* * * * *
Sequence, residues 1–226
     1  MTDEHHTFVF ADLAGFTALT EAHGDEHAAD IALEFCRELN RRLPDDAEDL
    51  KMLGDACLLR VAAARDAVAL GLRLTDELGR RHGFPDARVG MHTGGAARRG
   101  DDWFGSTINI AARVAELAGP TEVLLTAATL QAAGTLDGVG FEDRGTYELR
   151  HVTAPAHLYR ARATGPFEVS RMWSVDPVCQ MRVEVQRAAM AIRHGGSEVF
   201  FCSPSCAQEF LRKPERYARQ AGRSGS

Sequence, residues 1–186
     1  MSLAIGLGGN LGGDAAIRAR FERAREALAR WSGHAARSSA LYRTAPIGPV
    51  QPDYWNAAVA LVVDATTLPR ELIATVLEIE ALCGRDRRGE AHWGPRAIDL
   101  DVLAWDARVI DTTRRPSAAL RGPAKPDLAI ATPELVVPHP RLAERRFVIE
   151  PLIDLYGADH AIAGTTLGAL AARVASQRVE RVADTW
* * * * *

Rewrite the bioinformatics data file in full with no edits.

Sequence, residues 1–226
     1  MTDEHHTFVF ADLAGFTALT EAHGDEHAAD IALEFCRELN RRLPDDAEDL
    51  KMLGDACLLR VAAARDAVAL GLRLTDELGR RHGFPDARVG MHTGGAARRG
   101  DDWFGSTINI AARVAELAGP TEVLLTAATL QAAGTLDGVG FEDRGTYELR
   151  HVTAPAHLYR ARATGPFEVS RMWSVDPVCQ MRVEVQRAAM AIRHGGSEVF
   201  FCSPSCAQEF LRKPERYARQ AGRSGS

Sequence, residues 1–186
     1  MSLAIGLGGN LGGDAAIRAR FERAREALAR WSGHAARSSA LYRTAPIGPV
    51  QPDYWNAAVA LVVDATTLPR ELIATVLEIE ALCGRDRRGE AHWGPRAIDL
   101  DVLAWDARVI DTTRRPSAAL RGPAKPDLAI ATPELVVPHP RLAERRFVIE
   151  PLIDLYGADH AIAGTTLGAL AARVASQRVE RVADTW